A malnourished little boy sits outside a hospital near the town of Moroto in Karamoja. Copyright: WFP/Wayne Conradie
Karamoja, a poor region in northeastern Uganda, faces at least five problems when it comes to beating hunger, among them weak agriculture and environmental degradation. On top of that, persistent drought has meant the region hasn't had a successful harvest for five years. Watch the clip
KARAMOJA -- The people of Karamoja, a poor region in northeastern Uganda , face at least five perennial problems when it comes to building livelihoods and beating hunger: weak agriculture, severe environmental degradation, poor infrastructure, high poverty rates and gun violence.
Combine those five things with a drought that has now devastated harvests for five straight years and the result is a dangerously high level of hunger and malnutrition, especially among children.
Karamoja is now entering the toughest time of the year – the hunger season – when food is even scarcer because the next harvest is still months away. It’s during this time that children are most vulnerable to malnutrition.
The effects of prolonged hunger on young children are devastating. Mental and physical growth can both be compromised -- irreversibly. WFP’s priority is to stop this happening.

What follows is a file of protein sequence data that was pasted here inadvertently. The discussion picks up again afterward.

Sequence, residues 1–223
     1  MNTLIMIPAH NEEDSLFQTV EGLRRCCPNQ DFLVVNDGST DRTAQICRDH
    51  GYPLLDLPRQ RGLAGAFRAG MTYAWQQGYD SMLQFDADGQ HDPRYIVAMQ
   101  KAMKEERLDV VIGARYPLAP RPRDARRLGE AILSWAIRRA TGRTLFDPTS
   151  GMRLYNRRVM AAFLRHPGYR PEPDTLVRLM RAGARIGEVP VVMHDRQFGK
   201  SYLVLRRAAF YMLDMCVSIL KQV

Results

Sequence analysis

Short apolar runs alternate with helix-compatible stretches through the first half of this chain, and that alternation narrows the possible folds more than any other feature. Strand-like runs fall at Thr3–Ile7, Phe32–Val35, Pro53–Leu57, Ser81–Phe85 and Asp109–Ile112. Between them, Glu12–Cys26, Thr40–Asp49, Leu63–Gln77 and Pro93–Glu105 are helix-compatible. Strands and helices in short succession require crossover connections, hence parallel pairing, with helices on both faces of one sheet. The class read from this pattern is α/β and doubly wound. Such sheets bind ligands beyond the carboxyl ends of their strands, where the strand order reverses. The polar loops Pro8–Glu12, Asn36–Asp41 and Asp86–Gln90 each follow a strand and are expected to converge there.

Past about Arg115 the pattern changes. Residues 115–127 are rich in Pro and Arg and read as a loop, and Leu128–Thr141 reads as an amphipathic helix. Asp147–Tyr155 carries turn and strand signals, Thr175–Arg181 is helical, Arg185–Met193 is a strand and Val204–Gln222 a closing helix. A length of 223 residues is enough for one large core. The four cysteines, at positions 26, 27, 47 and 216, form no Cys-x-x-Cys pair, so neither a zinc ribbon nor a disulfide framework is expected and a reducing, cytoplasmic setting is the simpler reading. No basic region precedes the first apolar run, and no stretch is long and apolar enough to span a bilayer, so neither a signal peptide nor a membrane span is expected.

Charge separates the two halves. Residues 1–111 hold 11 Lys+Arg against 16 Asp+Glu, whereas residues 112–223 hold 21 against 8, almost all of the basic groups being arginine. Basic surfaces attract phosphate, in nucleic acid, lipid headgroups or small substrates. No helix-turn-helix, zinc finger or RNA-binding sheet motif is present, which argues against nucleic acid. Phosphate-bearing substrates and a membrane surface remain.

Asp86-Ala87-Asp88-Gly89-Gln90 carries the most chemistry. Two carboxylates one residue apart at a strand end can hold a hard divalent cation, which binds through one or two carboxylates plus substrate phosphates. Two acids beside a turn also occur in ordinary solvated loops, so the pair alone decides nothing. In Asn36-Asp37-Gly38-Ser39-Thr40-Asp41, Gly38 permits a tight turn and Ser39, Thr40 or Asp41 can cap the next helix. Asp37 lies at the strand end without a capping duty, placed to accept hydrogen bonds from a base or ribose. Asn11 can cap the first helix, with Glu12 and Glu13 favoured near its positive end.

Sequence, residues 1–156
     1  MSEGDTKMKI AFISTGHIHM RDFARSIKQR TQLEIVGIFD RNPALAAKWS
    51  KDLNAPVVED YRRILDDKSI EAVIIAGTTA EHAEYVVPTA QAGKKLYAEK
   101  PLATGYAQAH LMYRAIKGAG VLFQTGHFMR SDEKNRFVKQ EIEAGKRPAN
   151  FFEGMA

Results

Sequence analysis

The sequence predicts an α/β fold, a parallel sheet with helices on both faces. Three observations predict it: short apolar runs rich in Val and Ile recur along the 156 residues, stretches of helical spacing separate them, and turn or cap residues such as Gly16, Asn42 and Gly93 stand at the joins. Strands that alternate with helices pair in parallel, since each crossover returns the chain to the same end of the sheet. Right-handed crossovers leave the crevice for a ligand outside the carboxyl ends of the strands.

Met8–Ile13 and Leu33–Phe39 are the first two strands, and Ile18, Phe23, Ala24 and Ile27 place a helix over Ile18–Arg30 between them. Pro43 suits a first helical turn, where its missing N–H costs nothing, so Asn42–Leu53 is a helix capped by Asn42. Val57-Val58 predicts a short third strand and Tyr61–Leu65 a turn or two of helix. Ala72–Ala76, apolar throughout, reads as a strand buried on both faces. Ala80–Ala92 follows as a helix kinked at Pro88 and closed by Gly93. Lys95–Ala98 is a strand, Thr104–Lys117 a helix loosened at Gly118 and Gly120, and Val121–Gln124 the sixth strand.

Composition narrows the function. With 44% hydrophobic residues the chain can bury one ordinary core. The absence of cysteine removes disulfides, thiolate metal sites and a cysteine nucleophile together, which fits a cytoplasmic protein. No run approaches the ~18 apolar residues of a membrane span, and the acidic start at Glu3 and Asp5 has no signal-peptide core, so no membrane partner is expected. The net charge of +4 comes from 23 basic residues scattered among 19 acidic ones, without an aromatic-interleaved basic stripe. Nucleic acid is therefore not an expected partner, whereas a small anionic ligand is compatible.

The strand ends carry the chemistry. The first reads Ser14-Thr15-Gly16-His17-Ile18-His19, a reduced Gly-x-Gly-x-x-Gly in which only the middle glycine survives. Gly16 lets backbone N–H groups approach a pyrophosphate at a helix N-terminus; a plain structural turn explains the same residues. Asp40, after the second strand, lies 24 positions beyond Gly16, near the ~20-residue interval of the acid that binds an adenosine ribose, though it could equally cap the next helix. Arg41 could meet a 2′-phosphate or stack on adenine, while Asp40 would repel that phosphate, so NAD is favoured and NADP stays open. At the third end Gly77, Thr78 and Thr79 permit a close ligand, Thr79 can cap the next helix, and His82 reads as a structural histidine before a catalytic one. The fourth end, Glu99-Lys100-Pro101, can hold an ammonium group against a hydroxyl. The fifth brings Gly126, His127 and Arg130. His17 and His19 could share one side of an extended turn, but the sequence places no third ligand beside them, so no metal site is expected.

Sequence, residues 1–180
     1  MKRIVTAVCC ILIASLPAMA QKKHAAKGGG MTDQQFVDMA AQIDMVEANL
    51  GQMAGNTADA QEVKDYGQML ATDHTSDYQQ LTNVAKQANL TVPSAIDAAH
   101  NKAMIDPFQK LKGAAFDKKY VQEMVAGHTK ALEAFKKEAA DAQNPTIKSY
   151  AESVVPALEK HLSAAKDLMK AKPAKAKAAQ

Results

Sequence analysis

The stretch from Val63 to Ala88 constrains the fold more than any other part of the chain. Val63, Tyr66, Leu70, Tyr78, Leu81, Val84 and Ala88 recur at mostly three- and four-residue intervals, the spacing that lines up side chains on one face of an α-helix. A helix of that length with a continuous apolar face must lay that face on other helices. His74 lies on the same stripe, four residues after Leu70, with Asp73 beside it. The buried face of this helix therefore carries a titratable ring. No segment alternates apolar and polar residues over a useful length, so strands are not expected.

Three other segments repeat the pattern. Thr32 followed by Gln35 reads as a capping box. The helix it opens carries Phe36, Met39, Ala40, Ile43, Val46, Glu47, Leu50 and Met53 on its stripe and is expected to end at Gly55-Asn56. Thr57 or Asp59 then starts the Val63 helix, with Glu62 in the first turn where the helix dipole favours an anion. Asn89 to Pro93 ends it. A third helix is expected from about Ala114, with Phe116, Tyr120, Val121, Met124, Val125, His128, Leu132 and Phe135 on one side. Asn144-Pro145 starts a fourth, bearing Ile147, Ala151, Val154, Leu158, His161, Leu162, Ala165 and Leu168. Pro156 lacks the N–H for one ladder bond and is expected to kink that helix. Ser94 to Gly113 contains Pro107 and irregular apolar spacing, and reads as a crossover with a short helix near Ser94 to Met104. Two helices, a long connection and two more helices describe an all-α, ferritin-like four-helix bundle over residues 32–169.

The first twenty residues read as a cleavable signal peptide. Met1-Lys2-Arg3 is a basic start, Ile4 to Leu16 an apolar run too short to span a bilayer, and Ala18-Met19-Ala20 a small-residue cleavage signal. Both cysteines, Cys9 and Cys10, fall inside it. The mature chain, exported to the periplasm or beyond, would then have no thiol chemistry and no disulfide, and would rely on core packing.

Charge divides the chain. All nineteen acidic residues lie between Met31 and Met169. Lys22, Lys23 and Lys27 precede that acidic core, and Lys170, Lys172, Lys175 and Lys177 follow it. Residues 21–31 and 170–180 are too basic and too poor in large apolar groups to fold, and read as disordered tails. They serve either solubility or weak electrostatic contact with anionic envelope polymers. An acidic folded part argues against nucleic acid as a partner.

We have launched an emergency operation to get nutritious food to pregnant women, nursing mothers and young children. Food distributions are combined with health check ups and nutritional advice for mothers.
Karamoja - 5 hunger facts
- Over 80 percent of Karamoja’s population live below the poverty line.
- The region is prone to increasingly frequent and severe natural disasters, especially droughts, in part due to climate change.
- Over time, the combination of natural disasters, gun violence, severe environmental destruction, poor infrastructure, high poverty rates and weak agriculture has eroded people’s capacity to cope.
- The region’s last successful main harvest was in 2005
- Nearly 54 percent all the region’s young children are stunted, a result of chronic hunger. This means that between age 0-2 years, these children went for long periods without the right nutrients.